Friday, January 8, 2010

Winter in the Coop

Here in the north, all the chickens stop laying in the winter. The problem isn't the cold, but rather a lack of light. The hen's pineal gland is photo-sensitive and is the primary control for egg laying. When the days get short, the pineal gland doesn't get enough light and the hen stops laying eggs.

This means that it sucks to be an egg farmer in the winter. You get the expense of feeding the chickens, but no eggs in return. To make matters worse, they cannot free-range forage to cover some of their nutritional requirements.

My solution is to fake them out. I installed florescent shop lights in the coop. The lights are on a timer, and I give them about 15 hours of light each day. While they are not laying as many eggs as during the summer, we are still getting eggs. On average, we are getting about four eggs per week from each hen (about 25-30 eggs per day). If it is really cold out, you will want to gather the eggs a couple times a day - if you don't you will find some frozen and cracked.

The other winter issues include:

  • Frostbite
  • Frozen water
  • Boredom

You need to have a well-ventilated coop, or your chickens are going to get sick and die. Of course, the ventilation means it will be cold in the coop. Of course, you don't want it to be drafty (no strong winds whipping through the coop), but you want plenty of fresh air.

There are a few things I do to make sure the cold is survivable. I make sure the chickens always have plenty of high-quality food and (liquid) water available. For feed, I use Blue Seal layer pellets. More on water below.

Chickens are susceptible to frostbite on their extremities: combs and toes. The hens seem to be smart enough to tuck their heds under a wing while roosting - I have yet to see any of my hens with comb damage from the cold. The roosters are another story. Apparently, they take their jobs as lookout pretty seriously. All my single-comb roosters end up with frostbite on the tips of the comb (and no tips by the next spring). If you live someplace cold and don't want to see roosters with frostbite, pick a breed with a small comb!

Hens and roosters alike can get frozen toes. I have not had this problem at all, because I did some research and figured out a sure-fire solution. Chickens love to roost on branches, and lots of people use actual branches or round dowels for roosts in their coop. It seems like a good idea and very "natural." The problem is that a 2" diameter round roost allows the chicken to wrap their toes around it and hang on. In the cold, they hunker down with their belly on the roost and fluff out their feathers for warmth. This keeps their legs and the tops of their feet warm, but their toes are exposed on the bottom side of the roosting bar.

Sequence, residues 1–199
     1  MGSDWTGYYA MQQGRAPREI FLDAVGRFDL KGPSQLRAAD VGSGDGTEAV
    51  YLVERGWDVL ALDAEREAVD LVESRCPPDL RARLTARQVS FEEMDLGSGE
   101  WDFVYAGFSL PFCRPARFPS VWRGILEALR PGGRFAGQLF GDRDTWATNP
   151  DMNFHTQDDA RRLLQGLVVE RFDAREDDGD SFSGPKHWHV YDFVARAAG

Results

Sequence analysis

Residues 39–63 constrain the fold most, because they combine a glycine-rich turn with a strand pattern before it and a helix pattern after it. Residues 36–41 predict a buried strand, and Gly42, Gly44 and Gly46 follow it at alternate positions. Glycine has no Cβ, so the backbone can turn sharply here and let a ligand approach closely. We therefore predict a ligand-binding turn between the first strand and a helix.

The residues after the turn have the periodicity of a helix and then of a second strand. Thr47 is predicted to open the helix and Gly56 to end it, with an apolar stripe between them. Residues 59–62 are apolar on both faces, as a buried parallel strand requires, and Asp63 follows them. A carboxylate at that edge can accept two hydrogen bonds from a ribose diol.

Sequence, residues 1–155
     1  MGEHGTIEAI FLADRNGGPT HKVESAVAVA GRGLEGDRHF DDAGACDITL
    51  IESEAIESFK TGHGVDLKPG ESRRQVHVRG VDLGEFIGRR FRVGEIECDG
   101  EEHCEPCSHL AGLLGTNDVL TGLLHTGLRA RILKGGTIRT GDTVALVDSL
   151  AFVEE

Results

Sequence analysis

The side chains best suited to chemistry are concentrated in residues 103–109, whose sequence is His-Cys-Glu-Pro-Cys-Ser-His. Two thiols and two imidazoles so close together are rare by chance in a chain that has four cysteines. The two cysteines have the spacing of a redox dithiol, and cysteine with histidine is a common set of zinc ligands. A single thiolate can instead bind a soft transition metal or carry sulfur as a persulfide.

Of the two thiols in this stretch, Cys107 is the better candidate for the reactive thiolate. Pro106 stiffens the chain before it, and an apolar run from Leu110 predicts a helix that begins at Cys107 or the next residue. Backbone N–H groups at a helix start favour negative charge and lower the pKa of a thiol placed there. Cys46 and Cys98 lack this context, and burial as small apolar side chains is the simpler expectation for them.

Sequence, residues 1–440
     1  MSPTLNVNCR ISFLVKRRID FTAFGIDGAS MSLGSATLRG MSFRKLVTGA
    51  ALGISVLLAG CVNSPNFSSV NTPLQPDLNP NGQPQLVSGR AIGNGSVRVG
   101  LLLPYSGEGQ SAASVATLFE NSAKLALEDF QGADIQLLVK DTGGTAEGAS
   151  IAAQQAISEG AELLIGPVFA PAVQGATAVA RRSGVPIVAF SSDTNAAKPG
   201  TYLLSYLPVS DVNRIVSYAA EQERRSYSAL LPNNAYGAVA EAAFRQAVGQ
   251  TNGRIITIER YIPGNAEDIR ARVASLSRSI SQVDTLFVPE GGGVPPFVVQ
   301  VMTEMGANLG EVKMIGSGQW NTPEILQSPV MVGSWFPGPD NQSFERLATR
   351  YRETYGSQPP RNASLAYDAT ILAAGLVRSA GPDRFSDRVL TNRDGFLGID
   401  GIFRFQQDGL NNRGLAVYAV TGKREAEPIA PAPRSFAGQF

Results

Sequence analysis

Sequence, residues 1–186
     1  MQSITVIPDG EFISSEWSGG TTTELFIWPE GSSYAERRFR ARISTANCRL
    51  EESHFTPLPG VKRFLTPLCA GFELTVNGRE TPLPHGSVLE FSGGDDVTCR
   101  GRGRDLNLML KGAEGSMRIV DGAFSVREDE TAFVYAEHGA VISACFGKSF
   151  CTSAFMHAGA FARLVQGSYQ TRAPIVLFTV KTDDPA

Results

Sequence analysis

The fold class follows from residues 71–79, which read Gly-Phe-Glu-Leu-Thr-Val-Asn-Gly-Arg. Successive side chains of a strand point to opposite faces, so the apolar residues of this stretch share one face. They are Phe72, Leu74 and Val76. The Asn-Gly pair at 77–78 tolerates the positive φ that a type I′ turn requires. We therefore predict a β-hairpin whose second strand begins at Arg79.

My solution is to use a 2x4 piece of lumber for a roost. I mount it so the wide part of the board is parallel to the ground. The chickens stand on this wide, flat roost and when they hunker down their whole foot, toes and all, is covered with their nice, warm feathers. Mmmmm...snuggly....

As I mentioned above, plenty of liquid water is required in the winter. My chickens seem to drink more the colder it gets. Fifty chickens are drinking about five gallons of water each day. I use a standard five gallon metal font, sitting directly on a waterer heater (available anywhere chicken supplies are sold). Yes, this means you need electricity at the coop (run an extension cord out there, but don't run it over with a snow blower!).

The final winter problem is boredom. My chickens are used to getting out every day during the better weather, but in winter they are confined to the coop. They tend to pick on each other more in the winter than other times of the year. Patches of missing feathers are the most common sign of them picking at each other. If one starts to bleed, then the wound becomes an interesting target for more pecking.

I don't have a great solution for boredom. Unfortunately, chickens don't seem to go for "toys." I try to bring some food scraps to them every few days. They really enjoy it. For instance, we go through a lot of bread, and the chickens get the ends. If I toss a few ends around the coop, every gets excited and chases and pecks the food (rather than each other), at least for a few minutes.

How do you deal with bored chickens in the winter coop?

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